Finally, we have the complaint of a fruit tree’s owner, who returns again and again, COMING by to get what he expects from his non-producing tree, then threatening to cut it down. The gardener pleads for redemption, and a chance to spend more time, at least another season, to nurture the tree and coax it to bear fruit. In my reading, we are the trees in need of patience and compassionate care, and the gardener is Christ, tending us with God’s redemptive love.
COME toward the love of the gardener in the garden. The choice to return is always ours to make, but the invitation from God is offered again and again.
Excerpts from today’s lectionary readings:
Lent is a time of spiritual journey and pilgrimage. We turn inward to learn more about ourselves, and we also look outward at our connection to the world. We practice following Jesus. We walk in his Way, with the help of the Spirit.
The Way implies movement. We are beings who move and grow: bodily, emotionally, psychologically, and spiritually.
Humans are creatures of motion, traveling through time across varied geographies and landscapes. Our sacred stories are filled with motion. We depart, we journey from point A to point B, we get lost, we wander, and we arrive. We cross borders, bridges, and boundaries. We go through rivers and deserts, lakes and mountains, wilderness and cities. We pause at crossroads. We pass through doors and portals. We detour for walls and barriers. We turn back. We keep going. We ascend and descend. We swim, walk, run, ride, or fly. We stop at places of safety: wells, oasis, gardens, temples, tents, and other places of refuge. We leave and go into exile. We return home.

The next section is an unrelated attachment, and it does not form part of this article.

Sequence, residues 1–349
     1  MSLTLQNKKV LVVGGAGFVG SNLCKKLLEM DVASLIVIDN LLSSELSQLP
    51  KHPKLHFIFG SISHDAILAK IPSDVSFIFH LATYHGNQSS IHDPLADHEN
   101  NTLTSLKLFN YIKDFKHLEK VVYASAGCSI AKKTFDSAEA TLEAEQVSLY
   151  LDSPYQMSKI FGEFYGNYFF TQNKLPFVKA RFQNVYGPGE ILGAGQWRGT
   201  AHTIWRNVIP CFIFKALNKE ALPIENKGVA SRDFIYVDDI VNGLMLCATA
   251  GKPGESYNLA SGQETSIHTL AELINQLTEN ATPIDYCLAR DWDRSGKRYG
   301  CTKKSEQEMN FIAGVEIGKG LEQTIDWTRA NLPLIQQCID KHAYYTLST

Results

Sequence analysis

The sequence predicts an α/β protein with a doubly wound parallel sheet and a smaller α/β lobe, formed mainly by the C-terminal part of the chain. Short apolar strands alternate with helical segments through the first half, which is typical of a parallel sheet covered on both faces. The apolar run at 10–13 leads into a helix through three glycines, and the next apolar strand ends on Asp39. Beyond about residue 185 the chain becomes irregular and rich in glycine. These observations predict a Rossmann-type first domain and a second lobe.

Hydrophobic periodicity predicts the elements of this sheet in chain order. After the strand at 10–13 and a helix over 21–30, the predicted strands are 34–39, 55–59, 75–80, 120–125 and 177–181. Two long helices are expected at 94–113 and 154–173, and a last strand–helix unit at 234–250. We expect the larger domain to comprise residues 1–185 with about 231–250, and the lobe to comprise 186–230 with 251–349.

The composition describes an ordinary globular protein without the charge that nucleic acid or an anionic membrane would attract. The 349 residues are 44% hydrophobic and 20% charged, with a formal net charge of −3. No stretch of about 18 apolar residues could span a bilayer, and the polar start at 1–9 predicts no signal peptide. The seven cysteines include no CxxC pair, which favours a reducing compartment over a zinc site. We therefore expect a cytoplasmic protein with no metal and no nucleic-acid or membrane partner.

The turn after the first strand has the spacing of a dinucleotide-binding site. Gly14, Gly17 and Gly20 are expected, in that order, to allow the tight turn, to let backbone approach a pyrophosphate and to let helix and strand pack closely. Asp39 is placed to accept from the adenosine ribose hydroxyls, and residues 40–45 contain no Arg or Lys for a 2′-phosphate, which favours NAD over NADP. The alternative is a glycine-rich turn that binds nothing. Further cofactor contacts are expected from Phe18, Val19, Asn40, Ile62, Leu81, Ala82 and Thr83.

We also stretch and expand with our minds, our emotions, and our spirits. So what does it mean to walk or stand firm in Christ’s Way? Consider the Gospel’s most basic and ethical commands: love God, and love your neighbor as yourself. Within that statement are the anchors of a covenant: God, self, and others (including creation). These are Jesus commandment, in their primal form, for living ethically.
During this season, you’re invited to ask yourself, what parts of walking in the Way come easily to you? And what parts need more attention?
Following the Way combines what we learn from scripture and tradition, and what we learn from intuition, intellect and experience. In today’s scripture, we hear that God’s word (the Bible) is one guide for the Way. Christ’s life of ministry serves as a template. Plus our church says that God is still speaking in the world today, through the people we meet and the insights we gain. Prayer serves as a chance for redirecting ourselves, as we respond to current events. Our community can be a resource as we study and follow the Way of Christ.
Sometimes the Way is more than a metaphor, it is also a physical pilgrimage. People travel certain roads, and visit specific sacred stations or sites, as a bodily journey through the landscape, toward a specific destination. The Way is embodied by a route that you navigate using maps and GPS. Examples of pilgrimage include walking along the Camino de Santiago between France and Spain for Christians or the Hajj (pilgrimage to Mecca) for Muslims. Pilgrimage is a universal experience that can also be found in other faith traditions around the world.